An Open Letter to International Garment Brands Sourcing from CambodiaJoint Organizations
May 1, 2013 - On this International Labor Day, we, the undersigned civil society groups call upon all international garment brands sourcing from Cambodia to publicly denounce two recent baseless judicial decisions related to the garment sector. The first is the recent imprisonment of Born Samnang and Sok Sam Oeun. The two men were scapegoated and wrongly convicted in the 2004 murder of labor leader Chea Vichea. The second is the government’s failure to appropriately prosecute Chhouk Bandith, a well-connected former town governor who shot and severely injured three female garment factory workers.
Born Samnang and Sok Sam Oeun were imprisoned for Chea Vichea’s murder in 2004, convicted in 2005 after spending a year and a half in pre-trial detention, and courageously released by the Supreme Court in December 2008. The high court ordered further investigation into the killing amid extensive evidence of their innocence. But on December 27, 2012, Appeals Court Judges Chhoun Sunleng, Seng Sivutha and Khoun Leang Meng shocked observers by reinstating the previously vacated, grossly unfair verdict.
The brief appeal hearing, which occurred on November 7, 2012 nearly four years after the Supreme Court’s ruling, aired no new evidence of Sam Oeun and Samnang’s guilt, nor did it give any indication that a new investigation into the case had been completed as ordered by the Supreme Court. On the contrary, the appellate judges systematically dismissed and refused to address the mountain of evidence and testimonies in favor of the two, all of which has been repeatedly described in multiple published reports both in Cambodia and internationally. The men’s innocence is also the subject of the award-winning documentary “Who Killed Chea Vichea,” which is banned in Cambodia.
This is not the first time that the political strings have been blatantly pulled in this case. In 2004, Phnom Penh Municipal Court Judge Heng Thirith initially dismissed charges against the two based on the lack of evidence and credibility of the police investigation. Less than two weeks later, however, Judge Heng Thirith was removed from the court and the decision was overturned by Appeal Court Judge Thou Mony.
The Appeals Court’s recent decision to re-imprison Samnang and Sam Oeun without any new evidence as required by the Supreme Court’s decision should be condemned in the strongest possible terms. It demonstrates ongoing rampant impunity in Cambodia, and should cause alarm to all those doing business here.
In the other case highlighting unchecked impunity for violent crimes related to the garment sector, well-connected former Bavet town governor Chhouk Bandith is positioned to receive a slight slap on the wrist after he admitted to firing his gun during a factory strike in Svay Rieng in February 2012. The gunshots left three women seriously injured, one critically.
In stark contrast to Samnang and Sam Oeun, Bandith has yet to spend a single day in prison, and is unlikely to do so. The Svay Rieng court originally dropped even the minor charge of unintentionally causing bodily injury, which was first filed against the former governor after his involvement in the shooting was revealed. After the victims appealed that outrageous decision, the Appeal Court ordered the Svay Rieng court to try Bandith on the involuntary bodily harm charge, which carries a maximum sentence of only two years. Bandith’s trial is now set to take place on May 21, at 8 a.m. in Svay Rieng.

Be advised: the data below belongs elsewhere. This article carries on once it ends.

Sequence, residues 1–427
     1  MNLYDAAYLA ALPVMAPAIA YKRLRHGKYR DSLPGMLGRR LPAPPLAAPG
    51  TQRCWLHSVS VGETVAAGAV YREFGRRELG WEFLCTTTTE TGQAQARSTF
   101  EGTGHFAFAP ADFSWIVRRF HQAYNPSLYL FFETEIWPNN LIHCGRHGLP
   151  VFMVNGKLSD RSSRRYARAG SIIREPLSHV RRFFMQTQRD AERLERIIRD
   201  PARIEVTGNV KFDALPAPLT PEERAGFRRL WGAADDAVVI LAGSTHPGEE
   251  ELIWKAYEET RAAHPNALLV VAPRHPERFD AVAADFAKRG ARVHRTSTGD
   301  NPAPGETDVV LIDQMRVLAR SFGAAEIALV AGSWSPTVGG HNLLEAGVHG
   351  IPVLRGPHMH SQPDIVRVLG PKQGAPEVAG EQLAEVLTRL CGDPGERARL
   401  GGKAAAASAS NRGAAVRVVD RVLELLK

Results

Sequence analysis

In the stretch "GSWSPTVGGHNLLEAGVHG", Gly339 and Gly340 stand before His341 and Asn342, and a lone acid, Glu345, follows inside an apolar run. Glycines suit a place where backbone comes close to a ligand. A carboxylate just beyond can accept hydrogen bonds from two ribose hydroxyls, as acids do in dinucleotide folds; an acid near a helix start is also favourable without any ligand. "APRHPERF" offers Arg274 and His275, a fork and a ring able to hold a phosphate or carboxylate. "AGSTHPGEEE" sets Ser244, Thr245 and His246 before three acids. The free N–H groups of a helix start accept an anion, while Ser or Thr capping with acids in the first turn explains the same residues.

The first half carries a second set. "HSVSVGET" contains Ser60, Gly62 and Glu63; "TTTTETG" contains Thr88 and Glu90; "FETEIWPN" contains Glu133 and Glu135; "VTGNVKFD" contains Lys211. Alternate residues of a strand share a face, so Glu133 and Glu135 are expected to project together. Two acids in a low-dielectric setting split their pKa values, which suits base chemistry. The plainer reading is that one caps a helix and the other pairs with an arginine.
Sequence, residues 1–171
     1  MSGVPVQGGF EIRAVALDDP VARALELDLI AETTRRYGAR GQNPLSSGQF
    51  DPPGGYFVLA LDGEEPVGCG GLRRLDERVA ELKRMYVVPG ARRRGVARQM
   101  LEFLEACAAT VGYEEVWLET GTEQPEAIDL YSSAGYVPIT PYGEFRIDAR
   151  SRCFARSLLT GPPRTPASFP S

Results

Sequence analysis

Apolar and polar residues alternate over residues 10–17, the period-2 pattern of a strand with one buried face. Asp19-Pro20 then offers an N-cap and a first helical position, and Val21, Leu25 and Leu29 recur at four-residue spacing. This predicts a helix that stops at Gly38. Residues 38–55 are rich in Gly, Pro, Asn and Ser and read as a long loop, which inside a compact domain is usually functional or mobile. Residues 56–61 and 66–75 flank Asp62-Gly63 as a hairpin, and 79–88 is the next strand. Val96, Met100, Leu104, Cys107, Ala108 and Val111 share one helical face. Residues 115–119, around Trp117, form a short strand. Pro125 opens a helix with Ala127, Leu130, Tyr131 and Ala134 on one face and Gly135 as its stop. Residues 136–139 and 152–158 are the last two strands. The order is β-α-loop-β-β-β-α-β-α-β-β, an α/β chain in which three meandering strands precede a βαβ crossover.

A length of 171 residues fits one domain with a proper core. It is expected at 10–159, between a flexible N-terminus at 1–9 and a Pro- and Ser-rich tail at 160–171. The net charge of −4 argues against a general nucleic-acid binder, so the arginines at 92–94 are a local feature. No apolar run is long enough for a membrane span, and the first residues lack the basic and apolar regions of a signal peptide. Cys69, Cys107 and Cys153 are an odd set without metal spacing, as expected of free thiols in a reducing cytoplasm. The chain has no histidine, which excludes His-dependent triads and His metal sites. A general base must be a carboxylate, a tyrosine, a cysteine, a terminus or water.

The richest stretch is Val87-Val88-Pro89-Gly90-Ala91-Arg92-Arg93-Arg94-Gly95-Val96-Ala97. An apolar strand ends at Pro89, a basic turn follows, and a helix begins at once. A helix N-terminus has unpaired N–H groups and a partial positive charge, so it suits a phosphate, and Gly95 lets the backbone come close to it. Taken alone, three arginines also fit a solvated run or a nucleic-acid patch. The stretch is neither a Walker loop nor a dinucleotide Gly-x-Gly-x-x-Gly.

On this day, we once again express our support for Born Samnang, Sok Sam Oeun and their families and our hope that the two men will again be released from prison, to resume their normal lives, as soon as possible.
We also express our support for the victims of the Svay Rieng factory shooting, and continue to call for justice in that case.
We also again pay tribute to the courage and dedication of Chea Vichea, who gave his life to the struggle to represent the needs of Cambodian workers, and we continue to seek and expect justice to be provided for him and his family.
Cambodian Alliance of Trade Unions (CATU)
Cambodian Center for Independent Media (CCIM)
Cambodian Confederation Unions (CCU)
Cambodian Food and Service Worker Federation (CFSWF)
Cambodia's Independent Civil-servants Association (CICA)
Cambodian Independent Teacher’s Association (CITA)
Cambodian Labour Confederation (CLC)
Cambodian League for the Promotion and Defense of Human Rights (LICADHO)
Cambodian Worker Center for Development (CWCD)
Cambodian Youth Network (CYN)
Collective Union of Movement of Workers (CUMW)
Coalition of Cambodian Farmer Community (CCFC)
Community Legal Education Centre (CLEC)
Equitable Cambodia (EC)
Housing Rights Task Force (HRTF)
Independent Democracy of Informal Economy Association (IDEA)
The Cambodian NGO Committee on CEDAW (NGO-CEDAW)
Neutral and Impartial Committee for Free and Fair Election in Cambodia (NICFEC)
People’s Action for Change (PAC)
Sahmakum Teang Tnaut (STT)
The Building and Wood Workers Trade Union Federation of Cambodia (BWTUC)
Union Federation of ASEAN Workers (UFAW)
For more information, please contact:
▪ Mr. Am Sam Ath (Khmer), LICADHO Technical Supervisor, 012-327-770
▪ Mr. Moeun Tola (English, Khmer), Head of CLEC Labour Program, 066-777-056